You are herecontent / ﻿Bad Times In Deed � Installment #1: Better, But Still A Poodle
﻿Bad Times In Deed � Installment #1: Better, But Still A Poodle
THE SAD AND CONTINUING SAGA OF THE DOWNING STREET MEMO'S 'COVERAGE' IN THE NEW YORK TIMES
By David Michael Green
George Bush�s poodle, as he�s known at home in the UK, came from across the Atlantic
for a visit the other day. Master and hound were both asked at a press conference about
the Downing Street Minutes, and both gave preposterously duplicitous answers to the
The good news is that Bush�s American poodle � the New York Times � gave the issue
coverage, and it has moved over the last month from Page Zero to Page 10 to Page 7.
They even got the headline right this time: �Bush and Blair Deny �Fixed� Iraq Reports�.
But the bad news is still considerable. The obvious starting place in this sorry litany is the
fact that a Page 1, screaming headline story is still being buried, when it is not ignored
entirely (as has so far been the case, apart from one other short and distorted article, and
some original references to the Minutes in the context of covering the British election).
Smoking gun evidence has surfaced to prove that Bush lied America into a war in which
perhaps 100,000 people have died, and $300 billion has been wasted. Nor is this a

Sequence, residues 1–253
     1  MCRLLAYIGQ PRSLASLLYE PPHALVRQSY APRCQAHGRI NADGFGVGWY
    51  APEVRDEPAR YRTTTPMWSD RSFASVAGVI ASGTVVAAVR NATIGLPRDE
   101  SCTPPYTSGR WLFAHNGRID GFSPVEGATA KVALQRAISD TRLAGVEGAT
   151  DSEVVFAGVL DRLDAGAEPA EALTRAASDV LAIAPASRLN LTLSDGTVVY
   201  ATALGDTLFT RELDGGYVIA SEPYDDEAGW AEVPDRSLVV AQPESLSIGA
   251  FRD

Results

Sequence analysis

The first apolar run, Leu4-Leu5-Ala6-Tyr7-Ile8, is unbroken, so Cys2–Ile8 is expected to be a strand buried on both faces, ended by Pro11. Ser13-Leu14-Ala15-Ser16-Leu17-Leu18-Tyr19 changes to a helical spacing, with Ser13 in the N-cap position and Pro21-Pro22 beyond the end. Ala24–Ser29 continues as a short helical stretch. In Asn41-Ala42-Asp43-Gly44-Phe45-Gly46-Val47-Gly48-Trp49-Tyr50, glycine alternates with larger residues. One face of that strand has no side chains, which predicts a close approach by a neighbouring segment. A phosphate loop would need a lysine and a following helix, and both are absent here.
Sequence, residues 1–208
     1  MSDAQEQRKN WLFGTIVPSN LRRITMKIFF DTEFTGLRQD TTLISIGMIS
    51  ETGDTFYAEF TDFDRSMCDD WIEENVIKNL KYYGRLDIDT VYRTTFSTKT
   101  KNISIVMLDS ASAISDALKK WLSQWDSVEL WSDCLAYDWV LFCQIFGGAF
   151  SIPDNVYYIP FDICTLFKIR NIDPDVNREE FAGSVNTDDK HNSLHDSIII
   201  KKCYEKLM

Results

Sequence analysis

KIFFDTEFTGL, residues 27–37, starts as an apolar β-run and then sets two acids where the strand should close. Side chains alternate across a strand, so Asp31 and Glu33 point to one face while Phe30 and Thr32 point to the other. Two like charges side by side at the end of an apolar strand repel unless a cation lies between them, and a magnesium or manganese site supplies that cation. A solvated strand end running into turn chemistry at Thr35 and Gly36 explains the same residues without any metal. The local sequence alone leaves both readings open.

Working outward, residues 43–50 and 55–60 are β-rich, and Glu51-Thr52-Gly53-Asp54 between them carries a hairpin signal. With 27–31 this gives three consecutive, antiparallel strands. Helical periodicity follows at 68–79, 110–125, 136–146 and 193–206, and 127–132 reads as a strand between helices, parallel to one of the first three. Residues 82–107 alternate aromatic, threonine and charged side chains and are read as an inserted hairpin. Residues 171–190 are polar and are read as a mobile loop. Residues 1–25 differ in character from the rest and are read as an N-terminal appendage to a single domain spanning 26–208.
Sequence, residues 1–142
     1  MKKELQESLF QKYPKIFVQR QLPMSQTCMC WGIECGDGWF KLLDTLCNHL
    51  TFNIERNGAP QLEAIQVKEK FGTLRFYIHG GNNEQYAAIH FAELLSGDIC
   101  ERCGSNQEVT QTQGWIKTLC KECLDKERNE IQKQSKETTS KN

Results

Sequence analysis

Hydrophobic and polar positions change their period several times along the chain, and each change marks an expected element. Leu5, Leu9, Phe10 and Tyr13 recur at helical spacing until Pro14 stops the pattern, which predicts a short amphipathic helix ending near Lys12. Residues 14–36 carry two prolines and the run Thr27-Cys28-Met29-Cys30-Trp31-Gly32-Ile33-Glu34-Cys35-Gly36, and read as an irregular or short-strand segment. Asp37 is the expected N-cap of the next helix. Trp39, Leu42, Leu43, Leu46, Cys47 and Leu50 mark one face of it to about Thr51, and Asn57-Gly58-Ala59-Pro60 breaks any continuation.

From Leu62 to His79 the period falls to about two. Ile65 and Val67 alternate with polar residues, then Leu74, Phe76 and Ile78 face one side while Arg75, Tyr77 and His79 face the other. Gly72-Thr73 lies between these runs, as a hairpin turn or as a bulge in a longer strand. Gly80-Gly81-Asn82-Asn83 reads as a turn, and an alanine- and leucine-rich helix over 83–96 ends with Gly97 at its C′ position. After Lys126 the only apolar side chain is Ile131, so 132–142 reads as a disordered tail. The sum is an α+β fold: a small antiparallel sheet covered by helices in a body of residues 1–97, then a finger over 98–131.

random, wild accusation made by his critics. It is a leak from the highest levels of the
British government, and it is massively corroborated by other evidence and testimony.
What story is bigger than that?
Still, the Times� coverage this time out was considerably better than in the past, not least
because they really weren�t covering the story in the past. This time, they actually get the
thrust of the issue correct. The DSM does prove that the decision for war was made
earlier than Bush asserts, before the Congressional vote, the UN vote or the insertion and
�urgent� withdrawal of the inspectors, and while the president was insisting that no war
plans were on his desk and that war was his last resort. This was a crime, to be sure, but
not the biggest scandal proved by the DSM. So, emphasis on this point both obscures the
much greater issue and also allows administration defenders to make (erroneous) remarks